There are some definitive moments when I consciously moved from the androgenous into the feminine space. It was less like embracing and more like being an aggressive driver of a dodgem car.
I was 30 when I started to wear ‘pretty’ clothes, or clothes that flattered the figure. That’s not to say I have never worn them before, but I made a conscious decision to enhance my figure with clothing. That is, I wanted to change my outer image from tomboy/sports person to feminine and attractive. Yes. I wanted to be seen as attractive. I was going to manipulate my image. I felt a certain dirtiness in doing this. Its the same fear of 'wonderbras' that I have had. Pretending you have something you don't.
I bought my first pair of jeans and they were tighter than any pants I’ve worn before. I bought a pair of semi high heels and tops that fitted into the figure and didn’t cover my bottom. Wearing these things all together was a challenging experience. I was self conscious and embarrassed and knew that I had to do this to myself because I had daggers of judgement towards girls who dressed like this every day.
I had to embrace what I disliked so that I could stop to dislike it.
My problem with women started when I was born. My mother’s stories were that my father wanted a boy child. I was strong from the moment I was born. Small but strong, flexible, always awake, hardly eating, good natured, observant and climbing everything.
My father used to hang me from the door way with just my fingers curled into the frame at 6 months old.
I wanted to be a boy. I thought I was a boy. I wasn’t emotional. I disliked pink. I hated dolls and dresses.
I resented bras and bows and fluffy fancy things.
Women were weak. They cried and were dramatic. They were victims, shadows, manipulators, trappers of men, using their intelligence to trap and fool men.
Why did I think these things? Just watching the interactions of my parents, of the world around me. I had so much hate towards females in general.
The silliness, the giggling, the talk of boys, the concern for their hair, the preciseness of their pencil boxes.
It didn’t help that I was considered ‘plain’ and had a figure that was described as ‘straight up and down’, that my thighs were so big from running I couldn’t fit into normal sized pants and had to wear sport clothes, that my face was freckled and my mother adored clear beautiful skin, where my hair was wavy and brown and my mother loved thick black curly hair, that my mother thought the perfect waist was one you could put to hands around and actually, I didn’t have a waist. And so forth and so on.
I used to go swimming at 6 – 7 am twice a week and have competition on Sunday. I used to go to athletics training twice a week and have competition on Saturday. I used to jog for 45 minutes every morning that I wasn’t swimming with the local surf club. That was when I was 8.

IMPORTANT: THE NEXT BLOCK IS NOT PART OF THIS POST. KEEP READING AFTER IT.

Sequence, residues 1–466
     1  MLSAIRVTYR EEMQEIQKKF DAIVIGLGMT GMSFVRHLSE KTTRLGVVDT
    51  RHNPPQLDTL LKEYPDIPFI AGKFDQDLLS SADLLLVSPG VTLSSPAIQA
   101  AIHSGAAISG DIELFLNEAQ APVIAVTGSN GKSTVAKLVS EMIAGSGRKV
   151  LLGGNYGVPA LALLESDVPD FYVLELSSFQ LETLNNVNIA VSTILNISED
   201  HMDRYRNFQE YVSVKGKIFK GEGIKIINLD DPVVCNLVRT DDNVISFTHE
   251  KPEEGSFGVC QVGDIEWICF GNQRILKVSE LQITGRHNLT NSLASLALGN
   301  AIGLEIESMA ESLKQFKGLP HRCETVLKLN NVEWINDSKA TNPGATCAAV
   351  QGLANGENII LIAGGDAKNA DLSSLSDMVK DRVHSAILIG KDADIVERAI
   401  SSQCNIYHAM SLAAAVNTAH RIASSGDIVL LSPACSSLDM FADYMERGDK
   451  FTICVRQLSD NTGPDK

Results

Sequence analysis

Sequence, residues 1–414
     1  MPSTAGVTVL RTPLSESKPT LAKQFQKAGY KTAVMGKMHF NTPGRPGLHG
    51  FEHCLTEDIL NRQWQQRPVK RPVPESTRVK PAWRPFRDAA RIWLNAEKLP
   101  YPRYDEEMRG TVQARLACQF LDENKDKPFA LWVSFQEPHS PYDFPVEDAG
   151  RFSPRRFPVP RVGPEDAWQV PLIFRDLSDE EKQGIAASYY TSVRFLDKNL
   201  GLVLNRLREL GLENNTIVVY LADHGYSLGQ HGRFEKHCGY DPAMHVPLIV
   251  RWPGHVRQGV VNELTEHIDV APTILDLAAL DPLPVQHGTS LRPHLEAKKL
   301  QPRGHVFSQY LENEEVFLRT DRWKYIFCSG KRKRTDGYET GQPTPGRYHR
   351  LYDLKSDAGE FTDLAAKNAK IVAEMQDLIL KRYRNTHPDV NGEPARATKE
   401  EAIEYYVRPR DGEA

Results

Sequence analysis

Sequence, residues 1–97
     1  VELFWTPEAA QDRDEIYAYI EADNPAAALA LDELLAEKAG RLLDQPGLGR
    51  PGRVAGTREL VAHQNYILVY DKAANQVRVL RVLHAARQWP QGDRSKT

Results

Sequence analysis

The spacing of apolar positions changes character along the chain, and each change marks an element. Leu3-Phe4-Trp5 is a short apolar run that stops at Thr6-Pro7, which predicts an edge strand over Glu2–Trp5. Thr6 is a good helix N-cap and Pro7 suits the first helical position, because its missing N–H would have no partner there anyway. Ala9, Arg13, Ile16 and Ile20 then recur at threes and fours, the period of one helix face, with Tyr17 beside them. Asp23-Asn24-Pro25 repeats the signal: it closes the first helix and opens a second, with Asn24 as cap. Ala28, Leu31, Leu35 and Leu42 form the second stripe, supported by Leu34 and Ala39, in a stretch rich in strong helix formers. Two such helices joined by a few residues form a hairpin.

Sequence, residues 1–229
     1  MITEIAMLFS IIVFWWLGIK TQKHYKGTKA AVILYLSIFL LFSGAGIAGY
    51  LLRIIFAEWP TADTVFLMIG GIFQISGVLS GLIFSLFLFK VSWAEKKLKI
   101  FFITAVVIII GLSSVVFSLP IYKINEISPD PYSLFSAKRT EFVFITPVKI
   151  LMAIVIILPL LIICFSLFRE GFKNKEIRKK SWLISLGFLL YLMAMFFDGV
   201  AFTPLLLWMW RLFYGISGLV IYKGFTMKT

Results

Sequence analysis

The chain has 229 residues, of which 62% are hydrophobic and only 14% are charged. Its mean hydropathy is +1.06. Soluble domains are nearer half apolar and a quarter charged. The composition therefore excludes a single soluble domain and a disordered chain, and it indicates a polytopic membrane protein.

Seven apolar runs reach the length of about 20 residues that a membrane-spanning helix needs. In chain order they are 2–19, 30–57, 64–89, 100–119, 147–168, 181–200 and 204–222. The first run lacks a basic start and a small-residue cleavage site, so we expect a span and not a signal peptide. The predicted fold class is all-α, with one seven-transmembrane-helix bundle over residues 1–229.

In my thirties I took a shot of vodka, then another one, and then I went to my first belly dance class with my good friend Mitra. A class that changed my life. A class I was so afraid of – to move the body freely. To move the hips. To shake the shoulders. To let the hair be free. To embrace the female body with its curves and beauty.
I felt my feet pound the floor to the drums – and it was awakening the female power from below. My feet pounded on the door to our great Mother. My hips moved in circles – winding, calling, and invoking the snake goddess of dreams and darkness. My arms and hands moved out into the space around me and felt the energy of light. I became darkness interacting with light. Light was my medium.
I went home to
I moved here, to
The Mother Earth – the continual healing, the continual giving, the continual renewal – without end. We scream at her, and she gives us food. We hit her, and she gives us sunsets of such beauty we think we will die. We destroy her ornaments and she gives us flowers.
Its time to grow up. To stop the tantrums. To turn to her and embrace her with love and gratitude. For everything thing the Mother represents. For everything the female represents. For everything.
And this does not mean we are against the Father. Not at all. It just means, we are for the mother. When she is strong, and has been awakened, we can allow the sacred meeting of the father and mother to take place within each of us. The light, the darkness. The rational and the irrational. The waking and the dreaming. The mountain and the valley.
Thank you to my mother, thank you to my Grandmothers, thank you to my sisters, thank you to my father, thank you to my first female friends, thank you to Mitra, thank you to Sevika, thank you to Sarah, thank you to Geir, thank you to Anders, thank you to Jett, thank you to Katrine, thank you to my brother, thank you to Albert, thank you to Elizabeth, thank you to our dear Mother and thank you to Ordinary Sparrow for helping to bring the clay into some sort of identifiable shape with a master’s touch.